There are myriad articles and blog postings about the technicalities of photographing your artwork. This article is meant to be a simplified basic lesson on that subject using a simple digital camera that takes pictures at least 4 Megapixels in size.
What you will need:
Best results are had outdoors on an overcast day. The next best is sunny, with your equipment set up so the sun is not shining directly on the painting. If you must work indoors, get two photoflood lights (or in a pinch, two lamps with shades off and with full-spectrum light bulbs. The lights should be elevated so the bulbs are roughly even with the painting and placed one on each side of your camera/tripod.
Your UNFRAMED artwork: No matter what you do, if the painting has glass/plexi on it, the photo will not be a good one. There are troublesome work-arounds that can minimize the "damage" of photographing a glazed work, but you will never obtain the best image possible.
If you've followed these steps, your camera is at minimum 4 megapixels and was set on "best" setting, your image should be sufficient for standard competition entries. You may need to resize the image on your computer to fit special requirements of certain competitions, particularly if the images are submitted digitally online. Those may require you to downsize the image. Downsizing the image is OK. However, trying to make a 72 dpi picture with 6" sides into a 300 dpi picture with 12" sides will result in the image being bad.
Some people are confused by the terms used in digital entries. DPI is "Dots Per Inch": 300 dpi is generally the minimum for good printing of an image, while 72 dpi is fine for computer screen viewing. Confusion arises most often when talking about inches and pixels. Knowing that there are correlatives is what many people don't understand: A 5" x 7" 300 dpi image is equal to 1500 pixels x 2100 pixels. A 72 dpi image measuring 1500 pixels x 2100 pixels would measure 20.83" x 29.17": These two images are "equal" to each other. If you pay attention to the PIXEL requirements, the dpi becomes irrelevant. Most photo editing programs will show you the pixel measurements.
When competitions started accepting digital entries, there was great concern that artists would enhance their work on the computer and deficient work would be juried into exhibits with high standards. While it does happen occasionally, most competitions I am aware of that jury for a physical exhibit in a brick-and-mortar venue have added a statement in their prospectus' that any painting deemed not to live up to the digital image submitted can be excluded from the exhibit... and have done so!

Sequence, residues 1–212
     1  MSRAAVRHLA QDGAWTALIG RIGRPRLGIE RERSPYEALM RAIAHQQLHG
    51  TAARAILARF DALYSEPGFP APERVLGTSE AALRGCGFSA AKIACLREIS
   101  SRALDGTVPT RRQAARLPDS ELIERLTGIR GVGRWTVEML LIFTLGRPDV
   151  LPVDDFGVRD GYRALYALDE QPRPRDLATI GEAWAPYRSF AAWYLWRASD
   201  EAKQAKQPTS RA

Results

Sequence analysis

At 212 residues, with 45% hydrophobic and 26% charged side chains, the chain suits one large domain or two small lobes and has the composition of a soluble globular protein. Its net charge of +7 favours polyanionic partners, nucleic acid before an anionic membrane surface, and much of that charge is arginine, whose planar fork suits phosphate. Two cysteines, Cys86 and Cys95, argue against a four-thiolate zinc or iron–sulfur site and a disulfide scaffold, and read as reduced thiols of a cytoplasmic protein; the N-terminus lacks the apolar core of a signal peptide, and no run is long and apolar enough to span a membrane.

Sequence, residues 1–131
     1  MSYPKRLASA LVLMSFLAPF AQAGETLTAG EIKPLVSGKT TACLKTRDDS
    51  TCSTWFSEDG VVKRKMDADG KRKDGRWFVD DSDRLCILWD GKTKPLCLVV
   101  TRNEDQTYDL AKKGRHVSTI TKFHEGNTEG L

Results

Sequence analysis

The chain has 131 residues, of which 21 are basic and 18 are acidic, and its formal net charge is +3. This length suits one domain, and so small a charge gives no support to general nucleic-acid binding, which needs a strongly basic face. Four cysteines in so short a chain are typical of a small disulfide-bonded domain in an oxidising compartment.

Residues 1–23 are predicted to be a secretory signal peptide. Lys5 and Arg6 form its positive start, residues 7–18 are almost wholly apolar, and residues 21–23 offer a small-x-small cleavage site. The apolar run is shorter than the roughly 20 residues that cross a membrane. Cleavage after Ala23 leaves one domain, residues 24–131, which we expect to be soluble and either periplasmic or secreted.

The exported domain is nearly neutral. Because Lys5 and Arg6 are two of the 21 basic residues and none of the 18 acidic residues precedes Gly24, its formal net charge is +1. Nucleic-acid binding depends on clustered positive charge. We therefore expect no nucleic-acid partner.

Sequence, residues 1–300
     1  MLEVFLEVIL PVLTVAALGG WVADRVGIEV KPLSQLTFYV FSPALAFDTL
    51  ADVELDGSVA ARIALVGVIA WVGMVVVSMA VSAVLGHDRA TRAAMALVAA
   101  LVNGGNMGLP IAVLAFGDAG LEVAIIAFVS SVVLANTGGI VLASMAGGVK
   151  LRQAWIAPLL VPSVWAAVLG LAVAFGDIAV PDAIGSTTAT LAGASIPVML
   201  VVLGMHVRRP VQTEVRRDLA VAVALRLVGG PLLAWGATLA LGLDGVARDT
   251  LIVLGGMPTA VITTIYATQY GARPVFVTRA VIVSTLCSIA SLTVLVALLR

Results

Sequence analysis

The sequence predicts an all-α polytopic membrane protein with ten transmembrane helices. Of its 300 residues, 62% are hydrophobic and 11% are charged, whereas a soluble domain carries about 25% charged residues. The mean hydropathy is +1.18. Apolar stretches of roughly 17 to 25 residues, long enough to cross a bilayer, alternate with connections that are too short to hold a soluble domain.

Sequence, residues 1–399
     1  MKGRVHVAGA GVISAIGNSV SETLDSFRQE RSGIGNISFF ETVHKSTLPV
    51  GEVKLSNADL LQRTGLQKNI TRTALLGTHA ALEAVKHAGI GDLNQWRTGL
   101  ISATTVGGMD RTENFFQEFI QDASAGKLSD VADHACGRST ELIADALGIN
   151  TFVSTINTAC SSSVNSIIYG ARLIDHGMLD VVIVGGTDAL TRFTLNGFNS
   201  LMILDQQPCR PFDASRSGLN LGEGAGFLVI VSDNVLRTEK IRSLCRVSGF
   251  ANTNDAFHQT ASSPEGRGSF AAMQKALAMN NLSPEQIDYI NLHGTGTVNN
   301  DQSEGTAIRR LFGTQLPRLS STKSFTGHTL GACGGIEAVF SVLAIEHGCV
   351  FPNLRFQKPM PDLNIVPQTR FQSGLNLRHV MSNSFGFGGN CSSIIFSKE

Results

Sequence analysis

Altering an image can range from adjusting brightness of the photographic image (to match the actual artwork) to correcting errors in drawing: The former would not be an exclusionary event, but the latter would be. Bringing the digital image in line with the physical painting is OK. CHANGING THE ARTWORK digitally is NOT OK. Even color correction, brightness and contrast adjustments can be detrimental though: If your computer monitor is not as well calibrated as the one the juror is using, you could be hurting your chances more than helping them. Unless you are very sure of your own skill and computer settings, relying on your camera's defaults is usually the more prudent action in submitting images.
The best advice I can give you is that when you are going to submit your work to a competition, juried exhibit or even prepare a portfolio is this: Have a good camera, decent software that you've learned how to use and - above all - great paintings and drawings. Respect your work enough to give it a "fighting chance" to garner the notice you think it deserves!